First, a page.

Looking Backward isn’t set in an unfamiliar place to the reader or the main character—it’s set in Boston, in the exact same location where the main character, Julian West, goes into a mesmeric sleep one night in 1887 and wakes up in the Boston of the year 2000, not having aged a day. There he meets a doctor, the doctor’s wife, and the doctor’s beautiful, nubile daughter, who is named Edith, the name of his own betrothed from the 19th century.
Future Boston is definitely a time and place anyone might want to be since it has none of the rampant poverty, crime, or inequality that plagues the Boston of Victorian America. All this evidence suggests there’s a certain political energy to a euchronia. If the writer can sell a vision of the future to readers, they may be moved to act. In many ways, Looking Backward provides pretty typical utopian fare.
Learn more about Yevgeny Zamyatin and dystopian uniformity.
Directions for the Utopian Genre
There is the well-known visitor trope, with Julian West finding himself completely defamiliarized when he awakes in a different society. He asks a lot of questions, often the same questions anyone might have as readers; he makes a lot of exclamations of disbelief; he recognizes that his own society is inferior to the utopia, and he falls in love. But the euchronia provides some important new directions for the utopian genre as well.
Because Julian is in an unfamiliar time instead of an unfamiliar place, the utopians—or euchronians—are more familiar with Victorian Boston than are the citizens of exotic utopias, who usually don’t really know that much about the utopian visitor’s European home.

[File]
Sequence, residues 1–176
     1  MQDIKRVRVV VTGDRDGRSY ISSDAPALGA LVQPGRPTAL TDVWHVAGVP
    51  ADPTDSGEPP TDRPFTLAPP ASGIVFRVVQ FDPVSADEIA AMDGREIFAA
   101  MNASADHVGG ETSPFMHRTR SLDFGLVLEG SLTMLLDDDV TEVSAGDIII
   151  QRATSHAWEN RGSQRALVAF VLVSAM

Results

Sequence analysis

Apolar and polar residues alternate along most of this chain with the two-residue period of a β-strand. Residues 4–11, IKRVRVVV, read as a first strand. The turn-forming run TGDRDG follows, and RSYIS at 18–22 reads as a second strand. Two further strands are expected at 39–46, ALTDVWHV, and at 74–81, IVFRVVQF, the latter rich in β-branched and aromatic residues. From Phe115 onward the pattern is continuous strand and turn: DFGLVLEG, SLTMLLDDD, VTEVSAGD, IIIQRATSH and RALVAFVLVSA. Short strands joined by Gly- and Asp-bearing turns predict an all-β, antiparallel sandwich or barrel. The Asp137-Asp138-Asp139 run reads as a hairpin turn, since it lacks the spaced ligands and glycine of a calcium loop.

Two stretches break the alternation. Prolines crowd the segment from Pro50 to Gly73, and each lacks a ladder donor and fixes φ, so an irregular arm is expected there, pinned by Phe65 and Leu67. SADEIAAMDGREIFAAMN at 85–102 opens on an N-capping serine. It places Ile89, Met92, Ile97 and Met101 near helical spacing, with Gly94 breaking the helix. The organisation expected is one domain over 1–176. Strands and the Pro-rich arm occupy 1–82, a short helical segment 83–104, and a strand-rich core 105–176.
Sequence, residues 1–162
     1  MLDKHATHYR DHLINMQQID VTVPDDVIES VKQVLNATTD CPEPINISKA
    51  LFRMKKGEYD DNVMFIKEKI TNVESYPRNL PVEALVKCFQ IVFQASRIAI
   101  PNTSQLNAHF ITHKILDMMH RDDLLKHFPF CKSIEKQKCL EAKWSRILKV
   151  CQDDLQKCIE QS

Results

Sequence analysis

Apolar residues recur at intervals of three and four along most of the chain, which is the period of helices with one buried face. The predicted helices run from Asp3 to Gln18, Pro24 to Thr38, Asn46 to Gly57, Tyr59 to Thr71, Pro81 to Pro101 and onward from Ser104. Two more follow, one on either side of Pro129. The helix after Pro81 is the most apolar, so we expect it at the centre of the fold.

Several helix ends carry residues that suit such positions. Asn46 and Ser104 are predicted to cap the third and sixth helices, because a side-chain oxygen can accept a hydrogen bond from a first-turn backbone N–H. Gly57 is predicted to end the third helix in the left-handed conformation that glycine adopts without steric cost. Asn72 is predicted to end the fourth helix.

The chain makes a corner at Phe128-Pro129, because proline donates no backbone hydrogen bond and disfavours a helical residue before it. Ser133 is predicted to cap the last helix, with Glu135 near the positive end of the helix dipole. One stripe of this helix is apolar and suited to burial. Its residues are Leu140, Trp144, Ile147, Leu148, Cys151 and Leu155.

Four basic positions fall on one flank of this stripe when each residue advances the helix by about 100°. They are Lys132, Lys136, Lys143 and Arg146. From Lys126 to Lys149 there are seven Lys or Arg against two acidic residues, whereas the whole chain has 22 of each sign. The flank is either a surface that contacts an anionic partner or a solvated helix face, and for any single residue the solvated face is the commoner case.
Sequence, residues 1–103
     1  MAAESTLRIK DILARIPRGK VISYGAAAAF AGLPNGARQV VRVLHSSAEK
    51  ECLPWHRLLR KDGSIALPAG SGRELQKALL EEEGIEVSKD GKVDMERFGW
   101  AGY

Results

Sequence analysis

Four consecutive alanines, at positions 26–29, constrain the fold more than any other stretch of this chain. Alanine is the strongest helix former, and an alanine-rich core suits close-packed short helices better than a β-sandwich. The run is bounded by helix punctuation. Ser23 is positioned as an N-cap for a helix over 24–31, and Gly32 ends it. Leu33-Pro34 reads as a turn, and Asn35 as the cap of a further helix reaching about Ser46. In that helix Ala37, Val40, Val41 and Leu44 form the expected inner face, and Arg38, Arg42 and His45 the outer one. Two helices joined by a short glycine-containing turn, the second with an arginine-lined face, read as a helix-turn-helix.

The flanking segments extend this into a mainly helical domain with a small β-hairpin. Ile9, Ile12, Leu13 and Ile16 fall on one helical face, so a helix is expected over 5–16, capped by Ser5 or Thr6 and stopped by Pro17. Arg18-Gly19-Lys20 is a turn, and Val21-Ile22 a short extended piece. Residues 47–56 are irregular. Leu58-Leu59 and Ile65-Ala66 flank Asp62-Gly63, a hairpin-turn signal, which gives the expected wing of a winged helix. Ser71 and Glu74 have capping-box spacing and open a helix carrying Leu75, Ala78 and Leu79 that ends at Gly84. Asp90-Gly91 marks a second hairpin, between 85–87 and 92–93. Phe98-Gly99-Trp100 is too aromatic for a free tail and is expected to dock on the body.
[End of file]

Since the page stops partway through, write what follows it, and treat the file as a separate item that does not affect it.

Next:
This makes the social critique of the present doubly biting since it isn’t only Julian who realizes that his society is corrupt and inefficient. This judgment is confirmed by future historians who have thoroughly studied the 1880s, and who are nonetheless sometimes surprised by the depth of depravity revealed by Julian’s explanation of how a wealthy industrialist like himself once saw the world.
The euchronia also gives the novel a fair bit of narrative momentum. It contains some surprises, and actually one of the reasons this novel was so popular was because it’s more of a page-turner than a lot of the utopias of the day. But still, Julian’s disorientation, his romance with Edith, and the novel’s ending, all make it more than just a blueprint.
Common Questions about Literature, Edward Bellamy, and Utopian Activism
There is controversy among many historians about the impact of Uncle Tom’s Cabin on the Civil War and the end of slavery in the U.S., but the novel is a strong piece of evidence in support of the argument that literature can change the course of history, whether dramatically or ever so slightly.
Edward Bellamy initially preferred to call the movement ‘nationalism’ rather than ‘socialism’ because, for him, socialism was freighted with foreign influences of the French and the Germans.
The Gilded Age was a period of rapid industrial expansion that also created an ever-widening income gap. Edward Bellamy’s analysis was to answer the income inequality, poverty, and crime with an answer that for him was plain and simple—nationalizing industry.